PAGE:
Got Homework?
Connect with other students for help. It's a free community.
Here's the question you clicked on:
 0 viewing
Is the definition \[\frac{\partial \mathbf{U}}{\partial \mathbf{x}}=\mathbf{F}\] arrived at only by minimising action (that is, using the EulerLagrange equation) and F=ma (that is, is there any other equally thorough way of doing it)?
 one year ago
 one year ago
Is the definition \[\frac{\partial \mathbf{U}}{\partial \mathbf{x}}=\mathbf{F}\] arrived at only by minimising action (that is, using the EulerLagrange equation) and F=ma (that is, is there any other equally thorough way of doing it)?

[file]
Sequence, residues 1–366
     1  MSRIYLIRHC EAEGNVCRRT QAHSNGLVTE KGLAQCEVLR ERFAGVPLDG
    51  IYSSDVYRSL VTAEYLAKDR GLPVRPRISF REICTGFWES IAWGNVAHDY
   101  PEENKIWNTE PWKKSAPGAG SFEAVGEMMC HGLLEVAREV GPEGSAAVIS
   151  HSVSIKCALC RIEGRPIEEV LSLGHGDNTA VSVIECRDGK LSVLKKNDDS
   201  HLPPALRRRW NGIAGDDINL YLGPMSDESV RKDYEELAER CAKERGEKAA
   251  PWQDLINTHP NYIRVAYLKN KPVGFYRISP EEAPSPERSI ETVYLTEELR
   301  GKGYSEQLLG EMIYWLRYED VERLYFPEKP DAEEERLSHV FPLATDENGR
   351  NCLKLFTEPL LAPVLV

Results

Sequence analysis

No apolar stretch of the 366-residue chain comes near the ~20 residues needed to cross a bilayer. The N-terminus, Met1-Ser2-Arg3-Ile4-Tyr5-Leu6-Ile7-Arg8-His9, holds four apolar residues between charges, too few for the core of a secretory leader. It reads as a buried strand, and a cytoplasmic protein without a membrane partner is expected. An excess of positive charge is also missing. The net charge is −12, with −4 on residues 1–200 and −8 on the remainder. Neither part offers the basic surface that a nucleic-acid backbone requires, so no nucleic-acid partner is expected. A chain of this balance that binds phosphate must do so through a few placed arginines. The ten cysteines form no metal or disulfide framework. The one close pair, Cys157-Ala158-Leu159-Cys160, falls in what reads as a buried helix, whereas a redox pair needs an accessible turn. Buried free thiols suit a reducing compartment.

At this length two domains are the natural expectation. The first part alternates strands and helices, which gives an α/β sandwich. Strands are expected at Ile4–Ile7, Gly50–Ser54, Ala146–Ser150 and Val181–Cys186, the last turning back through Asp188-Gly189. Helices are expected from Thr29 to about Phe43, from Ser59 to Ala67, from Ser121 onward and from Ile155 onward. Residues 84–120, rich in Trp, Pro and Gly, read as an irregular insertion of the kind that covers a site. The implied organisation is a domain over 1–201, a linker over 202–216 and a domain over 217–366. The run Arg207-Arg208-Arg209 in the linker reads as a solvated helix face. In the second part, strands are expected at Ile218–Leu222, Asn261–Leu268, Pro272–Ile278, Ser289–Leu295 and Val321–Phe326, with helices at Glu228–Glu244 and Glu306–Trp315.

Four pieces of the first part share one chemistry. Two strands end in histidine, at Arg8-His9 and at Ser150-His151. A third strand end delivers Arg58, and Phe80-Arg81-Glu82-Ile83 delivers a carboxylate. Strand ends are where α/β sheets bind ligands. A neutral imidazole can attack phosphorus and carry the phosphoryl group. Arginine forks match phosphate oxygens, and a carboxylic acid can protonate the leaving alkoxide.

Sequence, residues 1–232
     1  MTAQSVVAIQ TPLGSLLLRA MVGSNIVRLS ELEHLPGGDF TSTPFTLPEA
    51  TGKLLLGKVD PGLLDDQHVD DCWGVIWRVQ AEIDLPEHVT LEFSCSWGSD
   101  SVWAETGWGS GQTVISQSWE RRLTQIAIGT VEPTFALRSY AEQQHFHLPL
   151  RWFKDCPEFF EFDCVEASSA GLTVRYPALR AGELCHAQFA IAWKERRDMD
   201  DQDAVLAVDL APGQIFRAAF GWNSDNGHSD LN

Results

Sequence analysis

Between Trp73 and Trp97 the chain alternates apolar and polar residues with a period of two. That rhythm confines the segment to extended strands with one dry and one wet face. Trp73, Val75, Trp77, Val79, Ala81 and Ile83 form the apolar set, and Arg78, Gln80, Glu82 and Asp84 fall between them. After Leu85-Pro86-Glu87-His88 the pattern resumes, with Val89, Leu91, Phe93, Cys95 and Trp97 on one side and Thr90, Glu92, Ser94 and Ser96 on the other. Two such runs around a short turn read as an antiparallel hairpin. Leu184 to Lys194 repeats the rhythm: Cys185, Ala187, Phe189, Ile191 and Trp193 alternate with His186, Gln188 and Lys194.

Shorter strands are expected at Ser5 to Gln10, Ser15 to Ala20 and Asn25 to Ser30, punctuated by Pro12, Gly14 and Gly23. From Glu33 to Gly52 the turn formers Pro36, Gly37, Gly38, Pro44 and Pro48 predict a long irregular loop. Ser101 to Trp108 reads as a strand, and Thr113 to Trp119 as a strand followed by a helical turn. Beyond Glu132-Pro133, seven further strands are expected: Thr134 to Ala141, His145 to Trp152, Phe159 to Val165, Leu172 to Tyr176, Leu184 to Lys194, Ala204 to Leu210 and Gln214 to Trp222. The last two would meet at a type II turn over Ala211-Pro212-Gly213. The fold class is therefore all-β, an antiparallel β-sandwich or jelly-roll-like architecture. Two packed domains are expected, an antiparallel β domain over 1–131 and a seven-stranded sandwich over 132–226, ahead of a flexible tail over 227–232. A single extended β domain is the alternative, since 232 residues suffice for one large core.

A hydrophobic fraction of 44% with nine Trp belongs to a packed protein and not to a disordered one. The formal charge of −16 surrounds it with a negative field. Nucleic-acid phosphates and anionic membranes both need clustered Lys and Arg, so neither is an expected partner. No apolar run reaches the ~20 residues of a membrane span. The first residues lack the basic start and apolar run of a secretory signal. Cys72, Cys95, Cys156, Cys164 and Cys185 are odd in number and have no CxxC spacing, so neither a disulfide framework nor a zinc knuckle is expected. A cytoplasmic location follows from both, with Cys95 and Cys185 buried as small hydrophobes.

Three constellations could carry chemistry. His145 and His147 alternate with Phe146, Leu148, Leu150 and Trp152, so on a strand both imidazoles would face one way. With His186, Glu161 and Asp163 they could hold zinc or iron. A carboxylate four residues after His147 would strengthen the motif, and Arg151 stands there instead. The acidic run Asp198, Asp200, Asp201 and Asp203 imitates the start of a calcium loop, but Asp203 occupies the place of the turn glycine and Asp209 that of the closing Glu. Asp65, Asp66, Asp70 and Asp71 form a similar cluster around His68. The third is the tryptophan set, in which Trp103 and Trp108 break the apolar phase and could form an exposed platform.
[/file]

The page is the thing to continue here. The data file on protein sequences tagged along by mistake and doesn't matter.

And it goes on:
one year ago
 one year ago

This Question is Closed

henpenBest ResponseYou've already chosen the best response.0
That is, if you assume \[T=0.5mv^2\] and \[U=U\], and plug this into the EulerLagrange equation, you get \[m\ddot{x}=\frac{dU}{dx}\]. Is this the only fundamental way to get to this equation, or is it only one example of many equally fundamental ones?
 one year ago

henpenBest ResponseYou've already chosen the best response.0
*with a minus sign, of course
 one year ago
See more questions >>>
Your question is ready. Sign up for free to start getting answers.
spraguer
(Moderator)
5
→ View Detailed Profile
is replying to Can someone tell me what button the professor is hitting...
23
 Teamwork 19 Teammate
 Problem Solving 19 Hero
 Engagement 19 Mad Hatter
 You have blocked this person.
 ✔ You're a fan Checking fan status...
Thanks for being so helpful in mathematics. If you are getting quality help, make sure you spread the word about OpenStudy.